HC Deb 22 April 1937 vol 322 cc1904-5
29. Mr. Lunn

asked the Home Secretary whether he will make a statement concerning the death of one man two days after admission to Armley Gaol, Leeds, as a debtor, and another, 19 years of age, who has committed suicide in the gaol during this month; and will he institute an inquiry into the circumstances?

Sir J. Simon

I have already made careful inquiry into both these cases. The first prisoner was a man of 43 who was received into Leeds prison on 2nd April. He was examined on admission by the medical officer and found to be suffering from valvular disease of the heart. In view of this it was arranged that he should be given no work requiring physical exertion. On the night of 3rd April he died—apparently in his sleep. The law requires that there shall be an inquest on every death in prison, and the jury found that death was due to natural causes. There is no suggestion that anything in his treatment in prison contributed to his death, and there is nothing the prison staff could have done to prevent or to render less likely this sudden heart failure.

The second case was that of a young man serving a sentence of three months in the second division. He was examined on his admission on 2nd April, and there was nothing wrong with him physically or mentally. His conduct while in prison was good: he gave no trouble and there was no question of any disciplinary treatment. On 12th April he was at work in the morning in association with other prisoners and there was nothing abnormal in his behaviour. At about 12.45 he was in his cell and was seen by the medical officer in the course of a routine round of the cells. He was then quite cheerful. At 1.15 the librarian officer who distributes books to prisoners visited his cell and the prisoner was then sitting read- ing. At 1.40 he was found dead, having hanged himself from the window bars of his cell. In this case also there was an inquest. There was nothing the prison staff could have done to prevent this tragic occurrence and there is no suggestion that there was anything in the nature of harsh treatment which might have contributed to this impulsive suicide.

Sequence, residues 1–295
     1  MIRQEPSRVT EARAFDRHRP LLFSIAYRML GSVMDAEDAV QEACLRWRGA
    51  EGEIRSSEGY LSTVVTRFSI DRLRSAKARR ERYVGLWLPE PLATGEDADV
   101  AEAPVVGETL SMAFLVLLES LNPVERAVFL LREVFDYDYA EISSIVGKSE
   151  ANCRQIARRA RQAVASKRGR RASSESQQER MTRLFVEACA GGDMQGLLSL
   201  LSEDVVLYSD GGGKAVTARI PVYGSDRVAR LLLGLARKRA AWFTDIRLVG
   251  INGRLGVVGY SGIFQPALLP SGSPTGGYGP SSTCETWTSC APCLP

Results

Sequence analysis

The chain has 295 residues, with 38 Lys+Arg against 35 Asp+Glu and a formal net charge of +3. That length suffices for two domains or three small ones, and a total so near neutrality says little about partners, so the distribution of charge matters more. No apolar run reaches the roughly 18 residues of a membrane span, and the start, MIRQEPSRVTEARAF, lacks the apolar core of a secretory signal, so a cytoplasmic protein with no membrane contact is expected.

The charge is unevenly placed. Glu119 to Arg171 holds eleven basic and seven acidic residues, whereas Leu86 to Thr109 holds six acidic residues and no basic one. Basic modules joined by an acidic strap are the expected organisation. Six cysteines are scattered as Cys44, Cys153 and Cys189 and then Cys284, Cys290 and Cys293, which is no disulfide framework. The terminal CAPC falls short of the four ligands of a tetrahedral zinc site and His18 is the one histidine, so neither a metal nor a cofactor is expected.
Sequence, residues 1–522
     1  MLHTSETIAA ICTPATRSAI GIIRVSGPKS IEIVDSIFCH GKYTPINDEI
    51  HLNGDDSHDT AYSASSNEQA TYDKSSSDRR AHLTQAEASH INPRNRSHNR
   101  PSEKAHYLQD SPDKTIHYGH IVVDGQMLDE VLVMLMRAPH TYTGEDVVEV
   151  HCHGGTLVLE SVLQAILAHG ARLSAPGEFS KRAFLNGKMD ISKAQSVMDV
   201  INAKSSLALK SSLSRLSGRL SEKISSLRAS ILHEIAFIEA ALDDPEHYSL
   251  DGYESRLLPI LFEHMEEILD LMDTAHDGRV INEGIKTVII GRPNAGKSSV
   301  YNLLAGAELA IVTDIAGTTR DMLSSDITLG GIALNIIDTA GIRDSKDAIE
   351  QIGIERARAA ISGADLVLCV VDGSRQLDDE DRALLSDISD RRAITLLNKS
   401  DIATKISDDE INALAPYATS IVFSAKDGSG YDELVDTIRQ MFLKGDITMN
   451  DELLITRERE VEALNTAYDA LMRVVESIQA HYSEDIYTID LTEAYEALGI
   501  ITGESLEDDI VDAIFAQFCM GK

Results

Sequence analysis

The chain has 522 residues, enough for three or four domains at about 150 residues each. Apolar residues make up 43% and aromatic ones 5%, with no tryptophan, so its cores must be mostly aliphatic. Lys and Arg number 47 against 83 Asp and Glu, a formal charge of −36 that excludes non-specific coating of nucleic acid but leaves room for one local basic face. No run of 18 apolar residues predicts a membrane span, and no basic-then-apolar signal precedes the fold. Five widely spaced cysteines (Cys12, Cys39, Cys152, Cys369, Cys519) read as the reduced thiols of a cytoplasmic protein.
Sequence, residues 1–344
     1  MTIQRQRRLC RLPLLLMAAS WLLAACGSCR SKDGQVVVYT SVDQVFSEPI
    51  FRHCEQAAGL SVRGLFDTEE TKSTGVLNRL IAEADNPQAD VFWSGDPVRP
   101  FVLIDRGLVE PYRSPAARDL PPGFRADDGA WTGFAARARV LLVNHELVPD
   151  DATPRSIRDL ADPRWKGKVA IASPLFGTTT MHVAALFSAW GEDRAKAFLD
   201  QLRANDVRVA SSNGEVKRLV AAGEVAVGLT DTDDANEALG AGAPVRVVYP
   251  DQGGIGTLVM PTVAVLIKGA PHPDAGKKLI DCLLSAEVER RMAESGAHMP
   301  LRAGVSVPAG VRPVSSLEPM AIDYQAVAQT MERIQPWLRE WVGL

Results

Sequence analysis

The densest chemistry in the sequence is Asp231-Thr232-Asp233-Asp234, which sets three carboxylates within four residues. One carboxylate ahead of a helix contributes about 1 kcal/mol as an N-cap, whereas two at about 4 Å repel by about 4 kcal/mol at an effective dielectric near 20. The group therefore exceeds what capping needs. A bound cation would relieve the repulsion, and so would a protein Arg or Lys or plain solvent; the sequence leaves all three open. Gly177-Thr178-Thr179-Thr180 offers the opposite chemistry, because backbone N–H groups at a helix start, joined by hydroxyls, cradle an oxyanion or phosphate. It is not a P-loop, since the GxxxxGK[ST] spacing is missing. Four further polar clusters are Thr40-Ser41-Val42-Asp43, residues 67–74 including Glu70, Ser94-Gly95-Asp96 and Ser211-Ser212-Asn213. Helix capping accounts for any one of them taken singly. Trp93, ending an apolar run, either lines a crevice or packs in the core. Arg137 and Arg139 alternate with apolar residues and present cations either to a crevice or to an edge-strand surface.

Mr. Lunn

Is the right hon. Gentleman aware that there is some uneasiness in the City of Leeds about these two tragic events and will the Home Office not call for some further inquiry into this matter, as well as other matters in connection with our prisons, so as to remove the possibility of such happenings as these?

Sir J. Simon

I am not at all surprised that people in Leeds or elsewhere should feel anxious about these incidents, and they are deeply distressing, I need not say, to the Home Office, but I have, in what I have said, given information quite impartially, and I hope very much that, with the hon. Member's help, that will allay public anxiety about these two cases.